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Direct visualization of a stratified epithelium reveals that wounds heal by unified sliding of cell sheets.

Authors
  • Zhao, Min1
  • Song, Bing
  • Pu, Jin
  • Forrester, John V
  • McCaig, Colin D
  • 1 Department of Biomedical Sciences, Institute of Medical Sciences, University of Aberdeen, Aberdeen AB25 2ZD, Scotland, UK. [email protected]
Type
Published Article
Journal
The FASEB Journal
Publisher
Federation of American Society for Experimental Biology
Publication Date
Mar 01, 2003
Volume
17
Issue
3
Pages
397–406
Identifiers
PMID: 12631579
Source
Medline
License
Unknown

Abstract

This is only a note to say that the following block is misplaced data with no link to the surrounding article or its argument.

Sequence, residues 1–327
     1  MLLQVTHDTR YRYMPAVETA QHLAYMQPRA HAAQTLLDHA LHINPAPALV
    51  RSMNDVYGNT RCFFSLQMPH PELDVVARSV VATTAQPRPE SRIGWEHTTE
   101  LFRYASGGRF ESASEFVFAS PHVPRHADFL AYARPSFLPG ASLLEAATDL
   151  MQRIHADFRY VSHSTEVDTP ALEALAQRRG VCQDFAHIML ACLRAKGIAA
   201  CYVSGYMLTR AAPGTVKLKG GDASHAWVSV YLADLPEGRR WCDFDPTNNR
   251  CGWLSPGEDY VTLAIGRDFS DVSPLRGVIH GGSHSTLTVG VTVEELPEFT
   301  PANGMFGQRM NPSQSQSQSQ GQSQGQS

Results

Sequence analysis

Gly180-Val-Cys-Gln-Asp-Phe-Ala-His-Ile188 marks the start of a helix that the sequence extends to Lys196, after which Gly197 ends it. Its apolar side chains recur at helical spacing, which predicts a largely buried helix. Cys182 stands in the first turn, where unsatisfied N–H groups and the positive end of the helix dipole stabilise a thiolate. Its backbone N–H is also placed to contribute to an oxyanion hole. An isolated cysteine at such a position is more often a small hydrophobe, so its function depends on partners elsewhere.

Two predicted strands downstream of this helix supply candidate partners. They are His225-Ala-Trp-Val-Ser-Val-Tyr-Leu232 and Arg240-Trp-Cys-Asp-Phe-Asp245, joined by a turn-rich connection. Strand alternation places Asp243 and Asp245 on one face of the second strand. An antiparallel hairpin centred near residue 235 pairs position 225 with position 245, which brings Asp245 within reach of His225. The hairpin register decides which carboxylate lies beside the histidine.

Observing cells in their original niche is a key link between the information gleaned from planar culture and in vivo physiology and pathology. A new approach combining the transparency of the cornea, Hoffman modulation optics, and digital imaging allowed movements of individual corneal cells to be viewed directly in situ. 3-Dimensional time-lapse movies imaging unstained cells within the stratified corneal epithelium during wound healing were made. Tracking cell movements dynamically provided a definitive answer to the long-standing question: does a stratified epithelium heal by "sliding" of cell sheets as a coherent unit or do individual cells "leap frog" each other at the wound margin? A wound in the corneal epithelium healed primarily by sliding of the whole epithelium, with approximately 95% of cells moving with similar speed and trajectories and with little change in their relative position. Only 5% of cells changed layers, with equal proportions moving up or down. Epithelial healing in situ occurred in three phases: a latency, migration, and reconstruction phase. This model provides a unique system to study the behaviors of individual cells in their original niche. It shows that cells slide into a wound as a unified unit to heal a stratified epithelium.

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